Infographic Thursday: Can We Feed 7 Billion People?

Today, a news story that caught our attention was about Arnold Abbott, a 90-year old man in Fort Lauderdale, Florida, who was arrested for feeding the homeless. Abbott and two South Florida ministers are accused of breaking a new city ordinance banning public feeding of the homeless, and each faces up to 60 days in jail and a $500 fine.

ABC News reports that Fort Lauderdale passed the ordinance out of concern from residents and businesses who want to protect their neighborhoods. But advocates on behalf of Abbott stress that the ordinances do nothing to address the root causes of the homeless and those in poverty. We couldn’t agree more.

Volunteers_of_America_Soup_Kitchen_WDC

Providing those in need with a meal isn’t a crime; it’s an American value.

We recently stumbled across this picture of a soup kitchen during the Great Depression that was run by Volunteers of America, one of our member organizations. In times of need we pride ourselves on our ability to step up and help our fellow man. Well, at least we did.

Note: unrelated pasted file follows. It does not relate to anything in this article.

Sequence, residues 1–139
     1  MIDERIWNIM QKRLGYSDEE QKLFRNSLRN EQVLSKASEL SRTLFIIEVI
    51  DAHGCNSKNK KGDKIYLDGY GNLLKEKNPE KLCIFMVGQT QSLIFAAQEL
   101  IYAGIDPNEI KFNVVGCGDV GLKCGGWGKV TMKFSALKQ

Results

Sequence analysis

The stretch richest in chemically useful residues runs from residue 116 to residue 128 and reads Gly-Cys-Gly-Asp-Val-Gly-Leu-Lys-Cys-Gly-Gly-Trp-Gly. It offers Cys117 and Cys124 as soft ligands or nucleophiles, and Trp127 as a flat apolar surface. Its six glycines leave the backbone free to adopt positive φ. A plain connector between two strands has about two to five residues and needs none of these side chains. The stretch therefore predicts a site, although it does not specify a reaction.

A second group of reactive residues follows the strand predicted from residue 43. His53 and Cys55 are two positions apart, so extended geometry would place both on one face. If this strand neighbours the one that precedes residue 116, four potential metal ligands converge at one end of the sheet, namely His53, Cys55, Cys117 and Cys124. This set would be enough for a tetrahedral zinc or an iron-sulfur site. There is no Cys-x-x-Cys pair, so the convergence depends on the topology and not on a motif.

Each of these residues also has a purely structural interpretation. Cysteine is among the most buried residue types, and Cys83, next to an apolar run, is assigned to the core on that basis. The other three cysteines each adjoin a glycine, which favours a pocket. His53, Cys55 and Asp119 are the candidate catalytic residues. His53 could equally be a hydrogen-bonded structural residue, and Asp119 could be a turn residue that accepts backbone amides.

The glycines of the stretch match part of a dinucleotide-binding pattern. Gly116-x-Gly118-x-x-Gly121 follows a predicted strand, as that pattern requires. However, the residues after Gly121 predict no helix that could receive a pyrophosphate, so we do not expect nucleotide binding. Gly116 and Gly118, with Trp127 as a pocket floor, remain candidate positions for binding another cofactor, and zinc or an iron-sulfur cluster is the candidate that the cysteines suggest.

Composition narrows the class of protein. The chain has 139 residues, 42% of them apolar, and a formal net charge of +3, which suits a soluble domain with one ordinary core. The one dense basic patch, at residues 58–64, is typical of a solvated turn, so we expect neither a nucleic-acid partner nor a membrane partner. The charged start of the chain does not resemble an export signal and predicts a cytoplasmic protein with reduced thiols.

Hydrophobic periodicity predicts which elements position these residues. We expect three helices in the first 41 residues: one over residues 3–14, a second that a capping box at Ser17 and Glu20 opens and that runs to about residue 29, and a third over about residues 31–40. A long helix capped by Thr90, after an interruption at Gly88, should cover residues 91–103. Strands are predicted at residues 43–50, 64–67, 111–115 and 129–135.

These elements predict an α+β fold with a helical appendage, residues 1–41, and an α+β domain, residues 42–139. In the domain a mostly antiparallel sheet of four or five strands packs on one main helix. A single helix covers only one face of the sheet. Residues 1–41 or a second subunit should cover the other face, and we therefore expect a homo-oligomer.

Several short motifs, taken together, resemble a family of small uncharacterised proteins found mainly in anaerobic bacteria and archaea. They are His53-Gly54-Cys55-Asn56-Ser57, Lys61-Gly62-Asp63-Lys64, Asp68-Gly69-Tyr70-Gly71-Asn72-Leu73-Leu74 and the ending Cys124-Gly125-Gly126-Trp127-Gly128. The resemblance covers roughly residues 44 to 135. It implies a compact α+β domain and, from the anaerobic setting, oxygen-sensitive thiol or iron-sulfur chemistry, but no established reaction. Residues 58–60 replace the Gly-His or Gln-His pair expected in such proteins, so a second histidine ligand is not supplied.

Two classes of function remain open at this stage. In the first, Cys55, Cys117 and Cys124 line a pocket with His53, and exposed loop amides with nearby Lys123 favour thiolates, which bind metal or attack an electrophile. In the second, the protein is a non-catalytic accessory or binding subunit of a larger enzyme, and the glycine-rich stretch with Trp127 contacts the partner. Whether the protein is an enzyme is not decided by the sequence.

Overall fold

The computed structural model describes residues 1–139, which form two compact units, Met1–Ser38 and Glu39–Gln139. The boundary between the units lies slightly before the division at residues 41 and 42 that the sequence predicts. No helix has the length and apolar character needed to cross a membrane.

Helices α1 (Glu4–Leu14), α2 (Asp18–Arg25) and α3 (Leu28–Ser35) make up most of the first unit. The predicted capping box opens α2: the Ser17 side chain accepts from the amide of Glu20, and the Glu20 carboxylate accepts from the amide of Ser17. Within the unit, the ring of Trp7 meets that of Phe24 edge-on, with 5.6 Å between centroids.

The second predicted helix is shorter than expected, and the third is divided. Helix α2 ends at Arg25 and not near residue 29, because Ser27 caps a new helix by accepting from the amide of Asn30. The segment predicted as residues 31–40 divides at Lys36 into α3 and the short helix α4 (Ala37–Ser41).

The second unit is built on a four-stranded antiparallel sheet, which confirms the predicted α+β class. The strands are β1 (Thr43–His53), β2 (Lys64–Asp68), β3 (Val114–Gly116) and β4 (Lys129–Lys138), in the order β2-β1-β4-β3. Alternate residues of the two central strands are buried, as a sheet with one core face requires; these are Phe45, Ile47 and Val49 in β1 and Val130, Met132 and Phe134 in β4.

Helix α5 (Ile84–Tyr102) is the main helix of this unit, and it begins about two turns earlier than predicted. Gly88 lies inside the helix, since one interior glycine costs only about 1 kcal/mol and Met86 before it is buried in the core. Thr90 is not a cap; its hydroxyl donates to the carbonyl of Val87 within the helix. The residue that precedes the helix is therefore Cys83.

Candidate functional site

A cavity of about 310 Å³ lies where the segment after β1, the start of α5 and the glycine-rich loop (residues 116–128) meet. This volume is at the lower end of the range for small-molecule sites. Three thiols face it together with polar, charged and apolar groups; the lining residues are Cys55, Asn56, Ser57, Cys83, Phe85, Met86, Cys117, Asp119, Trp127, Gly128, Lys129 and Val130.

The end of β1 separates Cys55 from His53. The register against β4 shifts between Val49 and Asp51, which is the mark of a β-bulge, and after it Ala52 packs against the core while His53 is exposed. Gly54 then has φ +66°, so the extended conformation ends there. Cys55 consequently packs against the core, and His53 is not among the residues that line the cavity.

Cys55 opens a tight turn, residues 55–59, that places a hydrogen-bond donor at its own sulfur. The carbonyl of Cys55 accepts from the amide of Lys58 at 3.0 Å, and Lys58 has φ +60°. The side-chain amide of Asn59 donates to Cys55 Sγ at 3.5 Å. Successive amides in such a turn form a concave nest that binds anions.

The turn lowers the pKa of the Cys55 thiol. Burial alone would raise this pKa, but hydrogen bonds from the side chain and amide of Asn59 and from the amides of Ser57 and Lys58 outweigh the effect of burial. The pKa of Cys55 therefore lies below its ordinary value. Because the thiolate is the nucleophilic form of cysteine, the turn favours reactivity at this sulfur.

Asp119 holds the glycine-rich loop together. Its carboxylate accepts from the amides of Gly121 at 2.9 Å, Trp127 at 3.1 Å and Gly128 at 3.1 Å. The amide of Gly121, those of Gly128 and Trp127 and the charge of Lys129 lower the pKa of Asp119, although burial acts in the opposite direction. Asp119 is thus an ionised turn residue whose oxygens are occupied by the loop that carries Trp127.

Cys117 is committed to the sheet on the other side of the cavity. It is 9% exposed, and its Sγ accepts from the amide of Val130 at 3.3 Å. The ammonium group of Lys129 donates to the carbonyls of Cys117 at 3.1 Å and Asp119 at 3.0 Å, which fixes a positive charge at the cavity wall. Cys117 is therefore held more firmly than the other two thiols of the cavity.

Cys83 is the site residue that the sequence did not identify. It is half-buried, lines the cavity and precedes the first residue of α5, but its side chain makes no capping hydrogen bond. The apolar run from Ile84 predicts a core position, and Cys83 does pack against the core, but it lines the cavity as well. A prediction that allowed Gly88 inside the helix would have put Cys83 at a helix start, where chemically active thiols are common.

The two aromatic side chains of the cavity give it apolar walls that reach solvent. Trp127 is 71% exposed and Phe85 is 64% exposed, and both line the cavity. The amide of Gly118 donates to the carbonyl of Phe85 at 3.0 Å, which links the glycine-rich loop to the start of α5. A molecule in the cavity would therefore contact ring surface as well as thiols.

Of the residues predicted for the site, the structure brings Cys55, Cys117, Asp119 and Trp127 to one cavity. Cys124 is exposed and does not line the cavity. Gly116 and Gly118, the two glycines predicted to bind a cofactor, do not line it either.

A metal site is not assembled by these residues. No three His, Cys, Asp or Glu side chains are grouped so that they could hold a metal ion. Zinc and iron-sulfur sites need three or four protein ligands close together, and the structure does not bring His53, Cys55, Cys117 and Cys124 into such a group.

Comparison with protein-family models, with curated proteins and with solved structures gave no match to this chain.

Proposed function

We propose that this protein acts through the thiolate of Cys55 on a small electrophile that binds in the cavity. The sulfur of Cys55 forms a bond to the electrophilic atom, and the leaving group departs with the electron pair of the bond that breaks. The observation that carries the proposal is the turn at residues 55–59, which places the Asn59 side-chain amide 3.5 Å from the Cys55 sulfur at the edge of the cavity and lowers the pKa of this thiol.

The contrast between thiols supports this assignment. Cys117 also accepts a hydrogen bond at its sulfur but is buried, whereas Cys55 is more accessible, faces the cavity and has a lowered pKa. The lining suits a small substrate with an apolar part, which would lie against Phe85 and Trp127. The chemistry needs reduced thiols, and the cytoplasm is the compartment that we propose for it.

The story reminded us of the infographic below, created by Sustainable America, from an article published in the Wall Street Journal: “Hungering for a Solution to Food Losses.” It ties the statistics about how much food is wasted each year to the number of people in the world who struggle with food insecurity. The conclusion: through both simple and smart changes, we can adequately feed everyone on Earth today with the resources we already have.

While the mayor of Fort Lauderdale has said that the city is working with local charities to help serve the homeless through indoor feedings and programs that will provide medical care and long-term help, does it make sense to throw a compassionate, industrious man in jail for pursing that same outcome? We hope for a constructive solution for all involved, and that the infographic below reminds everyone that we already have the ability to help those in need. It just takes effort, ingenuity, and most of all, compassion.

open-uri20140701-27923-1gephvz

Advertisements

Leave a Reply

Fill in your details below or click an icon to log in:

WordPress.com Logo

You are commenting using your WordPress.com account. Log Out / Change )

Twitter picture

You are commenting using your Twitter account. Log Out / Change )

Facebook photo

You are commenting using your Facebook account. Log Out / Change )

Google+ photo

You are commenting using your Google+ account. Log Out / Change )

Connecting to %s